Stock vaccine covid

Disclaimer

The Cleveland Jewish News does not make endorsements of political candidates and/or political or other ballot issues on any level. Letters, commentaries, opinions, advertisements and online posts appearing in the Cleveland Jewish News, on cjn.org or our social media pages do not necessarily reflect the opinions of the Cleveland Jewish Publication Company, its board, officers or staff.

In case you missed the news, the Centers for Disease Control and Prevention has officially, and unanimously, approved of the Pfizer COVID-19 vaccine for anyone 5 years and older.

Shortly after the announcement, the American Academy of Pediatrics issued a statement supporting the approval and encouraging vaccination for all kids 5 and up.

This couldn’t come at a better time: Adult cases of COVID-19 are slowly coming back down from the delta variant wave, but cases in children remain steady and high. While the approval comes as a great relief for many anxious parents, many moms and dads I have spoken with recently remain hesitant to get their children vaccinated – even those kids over 12 years old, who were approved for the shot months ago.

There’s no better time than now to soothe these anxieties and discuss the vaccine in detail.

Right now, only the Pfizer vaccine is approved for children. Moderna has been testing its vaccine in adolescents, but the U.S. Food and Drug Administration has delayed approval because of a possible – and very rare – side effect observed in young adult males. Similarly, Johnson & Johnson’s vaccine remains approved only for adults. J&J is still in the trial phase for kids 12 and older.

The two main questions parents ask me: Is the vaccine effective for kids? And is it safe to give kids?

The answer to both questions is a resounding yes.

The preliminary data for Pfizer suggest that the vaccine is over 90% effective for kids 5 years old and up and is very effective against the delta strain. The approved dose for younger kids is a third of the dose for adults, making side effects less common and more minor (these may include fatigue, soreness and fever).

Very rare incidents of myocarditis, an inflammation of the heart, are the main concern for the delay in the approval for the Moderna vaccine in teenagers. That potential side effect has not been a concern with the Pfizer vaccine. The very rare cases of myocarditis seen in adults after getting the vaccine have been mild and typically resolve on their own. The risk of myocarditis is actually higher in adults who get COVID-19 than in adults who get vaccinated. And those who get the illness with COVID-19 typically see more serious cases.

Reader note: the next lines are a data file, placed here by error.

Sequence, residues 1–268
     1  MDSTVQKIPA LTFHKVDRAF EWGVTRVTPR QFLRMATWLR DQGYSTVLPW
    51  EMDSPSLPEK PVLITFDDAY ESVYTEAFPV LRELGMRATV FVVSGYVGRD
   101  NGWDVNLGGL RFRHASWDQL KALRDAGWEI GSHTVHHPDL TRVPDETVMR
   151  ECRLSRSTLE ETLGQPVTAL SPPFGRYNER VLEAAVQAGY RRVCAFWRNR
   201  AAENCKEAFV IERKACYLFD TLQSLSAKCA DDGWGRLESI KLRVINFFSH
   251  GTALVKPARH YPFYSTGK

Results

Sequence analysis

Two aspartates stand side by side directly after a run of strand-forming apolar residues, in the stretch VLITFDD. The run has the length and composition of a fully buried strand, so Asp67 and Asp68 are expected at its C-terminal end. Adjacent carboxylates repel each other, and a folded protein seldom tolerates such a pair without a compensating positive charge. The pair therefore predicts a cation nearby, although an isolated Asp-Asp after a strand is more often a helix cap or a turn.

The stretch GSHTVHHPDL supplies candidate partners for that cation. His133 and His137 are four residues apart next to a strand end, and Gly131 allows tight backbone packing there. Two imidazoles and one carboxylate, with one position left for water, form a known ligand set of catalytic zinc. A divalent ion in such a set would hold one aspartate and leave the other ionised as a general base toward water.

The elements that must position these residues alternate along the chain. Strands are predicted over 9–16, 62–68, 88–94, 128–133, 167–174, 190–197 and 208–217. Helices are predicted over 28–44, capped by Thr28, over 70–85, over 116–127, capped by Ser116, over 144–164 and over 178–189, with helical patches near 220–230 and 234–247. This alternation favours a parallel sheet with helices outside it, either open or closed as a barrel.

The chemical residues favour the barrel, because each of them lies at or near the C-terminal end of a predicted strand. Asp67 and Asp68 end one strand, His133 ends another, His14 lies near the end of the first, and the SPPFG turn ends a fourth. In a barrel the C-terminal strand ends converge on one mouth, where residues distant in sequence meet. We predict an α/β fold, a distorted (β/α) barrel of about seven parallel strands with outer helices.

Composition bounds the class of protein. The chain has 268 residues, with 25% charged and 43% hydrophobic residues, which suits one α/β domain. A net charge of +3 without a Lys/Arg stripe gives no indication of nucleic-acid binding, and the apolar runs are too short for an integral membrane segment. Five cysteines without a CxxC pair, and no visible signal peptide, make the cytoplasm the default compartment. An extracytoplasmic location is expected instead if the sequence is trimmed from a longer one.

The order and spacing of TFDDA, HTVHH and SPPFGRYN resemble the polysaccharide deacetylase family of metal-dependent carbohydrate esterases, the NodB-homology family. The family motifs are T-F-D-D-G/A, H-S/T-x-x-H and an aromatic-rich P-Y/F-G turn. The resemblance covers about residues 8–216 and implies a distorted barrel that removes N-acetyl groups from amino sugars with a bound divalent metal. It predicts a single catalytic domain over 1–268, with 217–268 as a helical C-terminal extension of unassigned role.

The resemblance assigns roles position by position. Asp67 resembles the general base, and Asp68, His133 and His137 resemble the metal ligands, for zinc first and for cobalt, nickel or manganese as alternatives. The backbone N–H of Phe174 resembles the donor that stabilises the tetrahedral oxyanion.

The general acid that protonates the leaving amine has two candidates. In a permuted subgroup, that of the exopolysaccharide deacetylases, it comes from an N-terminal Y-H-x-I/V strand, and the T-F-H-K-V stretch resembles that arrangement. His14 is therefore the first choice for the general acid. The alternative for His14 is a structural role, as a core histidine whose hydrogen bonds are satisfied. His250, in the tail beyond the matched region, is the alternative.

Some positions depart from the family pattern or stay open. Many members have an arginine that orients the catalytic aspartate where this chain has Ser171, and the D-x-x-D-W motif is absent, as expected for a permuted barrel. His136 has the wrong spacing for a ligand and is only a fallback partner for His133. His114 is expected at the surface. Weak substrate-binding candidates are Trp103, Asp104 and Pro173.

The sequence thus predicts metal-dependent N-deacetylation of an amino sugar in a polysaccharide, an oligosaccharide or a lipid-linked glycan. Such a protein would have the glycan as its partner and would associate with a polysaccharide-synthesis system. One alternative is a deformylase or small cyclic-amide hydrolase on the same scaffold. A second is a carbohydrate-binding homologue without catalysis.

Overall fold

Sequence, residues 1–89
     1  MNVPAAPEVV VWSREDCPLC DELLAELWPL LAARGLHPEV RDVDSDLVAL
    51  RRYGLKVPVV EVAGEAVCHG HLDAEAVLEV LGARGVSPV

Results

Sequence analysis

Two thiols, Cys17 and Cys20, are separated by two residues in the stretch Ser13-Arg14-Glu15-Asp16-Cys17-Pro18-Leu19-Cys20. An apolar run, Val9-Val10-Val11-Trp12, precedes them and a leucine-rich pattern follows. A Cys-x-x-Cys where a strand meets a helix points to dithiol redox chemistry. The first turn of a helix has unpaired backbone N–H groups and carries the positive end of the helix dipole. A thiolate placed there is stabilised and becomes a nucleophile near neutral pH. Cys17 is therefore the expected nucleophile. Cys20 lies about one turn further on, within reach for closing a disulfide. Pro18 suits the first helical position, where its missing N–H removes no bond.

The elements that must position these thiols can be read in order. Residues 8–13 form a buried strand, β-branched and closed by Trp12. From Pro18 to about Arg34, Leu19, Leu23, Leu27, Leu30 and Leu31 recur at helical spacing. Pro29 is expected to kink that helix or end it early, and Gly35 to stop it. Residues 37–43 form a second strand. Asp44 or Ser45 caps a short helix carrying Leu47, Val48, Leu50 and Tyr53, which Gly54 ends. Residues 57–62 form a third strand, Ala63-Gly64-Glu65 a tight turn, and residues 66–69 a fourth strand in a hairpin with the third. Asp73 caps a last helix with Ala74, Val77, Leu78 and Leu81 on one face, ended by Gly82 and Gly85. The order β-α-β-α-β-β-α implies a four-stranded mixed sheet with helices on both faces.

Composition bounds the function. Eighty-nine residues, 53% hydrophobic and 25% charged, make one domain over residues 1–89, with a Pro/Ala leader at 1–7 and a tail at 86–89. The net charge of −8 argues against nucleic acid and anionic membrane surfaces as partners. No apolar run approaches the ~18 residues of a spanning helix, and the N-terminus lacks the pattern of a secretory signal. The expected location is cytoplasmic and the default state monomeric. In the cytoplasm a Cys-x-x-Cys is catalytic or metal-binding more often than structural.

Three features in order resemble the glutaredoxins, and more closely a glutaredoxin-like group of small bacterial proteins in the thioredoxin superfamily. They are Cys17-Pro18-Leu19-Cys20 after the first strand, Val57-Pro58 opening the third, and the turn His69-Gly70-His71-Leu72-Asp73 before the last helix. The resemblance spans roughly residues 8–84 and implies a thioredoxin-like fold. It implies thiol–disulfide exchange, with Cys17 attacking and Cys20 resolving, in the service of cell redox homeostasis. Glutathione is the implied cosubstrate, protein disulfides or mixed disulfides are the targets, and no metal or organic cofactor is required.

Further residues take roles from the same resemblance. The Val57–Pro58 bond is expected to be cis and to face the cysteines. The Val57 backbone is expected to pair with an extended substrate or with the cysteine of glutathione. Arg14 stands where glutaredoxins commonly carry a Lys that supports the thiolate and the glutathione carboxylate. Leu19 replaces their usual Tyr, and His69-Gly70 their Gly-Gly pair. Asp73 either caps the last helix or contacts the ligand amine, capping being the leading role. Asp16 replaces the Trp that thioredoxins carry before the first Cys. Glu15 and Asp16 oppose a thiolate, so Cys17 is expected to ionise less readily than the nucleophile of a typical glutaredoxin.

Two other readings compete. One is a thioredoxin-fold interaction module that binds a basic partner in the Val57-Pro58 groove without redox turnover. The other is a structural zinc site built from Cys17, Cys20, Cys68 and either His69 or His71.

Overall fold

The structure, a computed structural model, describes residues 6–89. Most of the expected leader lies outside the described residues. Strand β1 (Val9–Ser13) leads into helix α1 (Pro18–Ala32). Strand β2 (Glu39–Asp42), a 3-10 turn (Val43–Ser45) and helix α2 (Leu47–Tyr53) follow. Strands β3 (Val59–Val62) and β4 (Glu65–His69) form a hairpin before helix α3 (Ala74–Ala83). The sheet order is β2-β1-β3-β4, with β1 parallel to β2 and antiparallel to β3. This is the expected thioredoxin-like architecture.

Many kids and parents may believe the vaccine is unnecessary right now because fewer children are severely ill from COVID compared to adults. While this is true, there have been more cases of COVID-19 in children and more children hospitalized with the delta wave. Some children who have been sick with COVID have developed serious complications. And even kids with only mild symptoms can infect older family members who are at-risk, even if they have been vaccinated.

While in school, kids are much more likely to be exposed to the virus, especially younger children who often struggle with wearing a mask or socially distancing. Therefore, even though the risk of serious disease is low in kids, there is still a large benefit to vaccination.

Vaccines are crucial to helping children – and all of us – return to a normal life. For kids, that means school sports, social activities and other pre-pandemic lifestyles. That also means huge benefits to our children’s mental health and overall well-being.

Any new vaccine can be scary for both kids and parents. It’s normal to have concerns and questions. However, the Pfizer vaccine has been shown to be very safe and extremely effective for kids of all ages.

Widespread vaccination of all school-aged children will allow many more families the opportunity to stay safe while taking one large step closer to a normal life.


Dr. Laura Shefner writes about pediatric care for the Cleveland Jewish News. She is a pediatrician at The MetroHealth System and practices in Beachwood and Parma.

How do you feel about this article?

Choose from the options below.

4
0
0
0
5